Author Topic: That weird field-of-focus technique thingy??  (Read 1522 times)

mattc

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That weird field-of-focus technique thingy??
« on: 27 October, 2020, 06:33:13 pm »
A few years ago it was all the rage - taking pictures of real-life that made it look like model railways.etc

What was it called? And did we just get bored of it??

Lots of Love,
Photography Ignoramus
Has never ridden RAAM
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No.11  Because of the great host of those who dislike the least appearance of "swank " when they travel the roads and lanes. - From Kuklos' 39 Articles

Kim

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Re: That weird field-of-focus technique thingy??
« Reply #1 on: 27 October, 2020, 07:02:36 pm »
Tilt-shift lens?
Careful, Kim. Your sarcasm's showing...

Salvatore

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Re: That weird field-of-focus technique thingy??
« Reply #2 on: 27 October, 2020, 07:46:17 pm »
Do you mean https://en.wikipedia.org/wiki/Miniature_faking ? AKA miniature effect or toy effect
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et avec John, excellent lecteur de road-book, on s'en est sortis sans erreur

mattc

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Re: That weird field-of-focus technique thingy??
« Reply #3 on: 28 October, 2020, 06:34:05 pm »
yes and yes! (tilt-shift was on the tip of my tongue. Of course.)

 :thumbsup:

(Hopefully this will be something to entertain Dad in continued isolation. We were talking photography at the weekend, but frankly I know nothing about the subject,  and he doesn't know about anything made in the last 30 years! )
Has never ridden RAAM
---------
No.11  Because of the great host of those who dislike the least appearance of "swank " when they travel the roads and lanes. - From Kuklos' 39 Articles

Wombat

  • Is it supposed to hurt this much?
Re: That weird field-of-focus technique thingy??
« Reply #4 on: 08 December, 2020, 12:03:45 pm »
Tilt-shift lens?

Or to be more accurate, faking using a tilt shift lens in entirely the wrong way...  A tilt/shift lens will avoid that effect, in fact that's half its raison d'etre.

I'll declare my view here, I absolutely hate that effect, it absolutely screams "fake" to me, in a very shrill tone.

Yes, I do possess a tilt/shift lens, and no, I'd never use it ass back'ards.  If I want a narrow depth of field to isolate my subject, I'll use a large aperture.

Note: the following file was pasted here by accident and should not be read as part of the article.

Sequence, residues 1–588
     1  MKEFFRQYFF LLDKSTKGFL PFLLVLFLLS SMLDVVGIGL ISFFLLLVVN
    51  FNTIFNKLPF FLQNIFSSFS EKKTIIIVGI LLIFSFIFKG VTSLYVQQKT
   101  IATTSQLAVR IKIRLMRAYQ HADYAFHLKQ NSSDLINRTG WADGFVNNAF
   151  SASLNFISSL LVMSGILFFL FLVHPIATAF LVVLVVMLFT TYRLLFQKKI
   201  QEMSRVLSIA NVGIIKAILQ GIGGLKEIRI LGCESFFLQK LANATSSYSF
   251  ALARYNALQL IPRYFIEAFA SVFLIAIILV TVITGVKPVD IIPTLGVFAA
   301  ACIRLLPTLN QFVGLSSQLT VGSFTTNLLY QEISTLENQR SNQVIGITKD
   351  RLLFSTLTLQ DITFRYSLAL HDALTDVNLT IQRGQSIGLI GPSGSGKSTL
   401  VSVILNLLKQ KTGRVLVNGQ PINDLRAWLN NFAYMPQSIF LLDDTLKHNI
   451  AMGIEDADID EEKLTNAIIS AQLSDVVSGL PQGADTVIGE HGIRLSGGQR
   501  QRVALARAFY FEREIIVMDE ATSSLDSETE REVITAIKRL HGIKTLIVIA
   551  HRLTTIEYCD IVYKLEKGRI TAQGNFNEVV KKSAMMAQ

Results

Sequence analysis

I think its all a side effect of folk thinking a phone can do everything a proper camera can.  No, it can't.  Its a useful thing, but for creative photography, of limited use.
Wombat

Re: That weird field-of-focus technique thingy??
« Reply #5 on: 29 December, 2020, 09:21:13 am »
As a example of it used wrong:

I tilted (and shifted) the front element of my 4x5 to attempt to get the vertical lines straight and instead ended up with weird field of focus.
4x5 camera movements still baffle me a bit :D

Aunt Maud

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Re: That weird field-of-focus technique thingy??
« Reply #6 on: 29 December, 2020, 06:12:32 pm »
Keep the lens panel parallel with the film plane and you shall have no future issues. If you wish to avail yourself of the focal plane benefits of a view camera, the Scheimpflug principal is worth investigating.

Re: That weird field-of-focus technique thingy??
« Reply #7 on: 30 December, 2020, 12:21:03 am »
Keep the lens panel parallel with the film plane and you shall have no future issues

Well, I know that now. Kinda knew then as well, just forgot about it and I only checked focus on the front corner and interior of the building.
Had I looked down a bit lower, it would have been obvious.

Aunt Maud

  • Le Flâneur.
Re: That weird field-of-focus technique thingy??
« Reply #8 on: 30 December, 2020, 01:54:40 pm »
Indeed, nothing quite like looking at the image before opening the shutter.

I never tipped the camera up and relied solely on the rise of the front and the size of the projected image circle to do the work. Tilting the camera up won't ever compensate for a lens with a small image circle. But I guess you knew that too.

Wombat

  • Is it supposed to hurt this much?
Re: That weird field-of-focus technique thingy??
« Reply #9 on: 21 January, 2021, 03:01:36 pm »
Keep the lens panel parallel with the film plane and you shall have no future issues. If you wish to avail yourself of the focal plane benefits of a view camera, the Scheimpflug principal is worth investigating.

Wot he said...

Understanding the Scheimpflug principle is in my view, essential for anyone messing about with camera movements.  I read all about it many years ago, long before I ever have real need of it, but its stuck with me (unlike many other useful bits of knowledge which seem to have evaporated with the passing years).
Wombat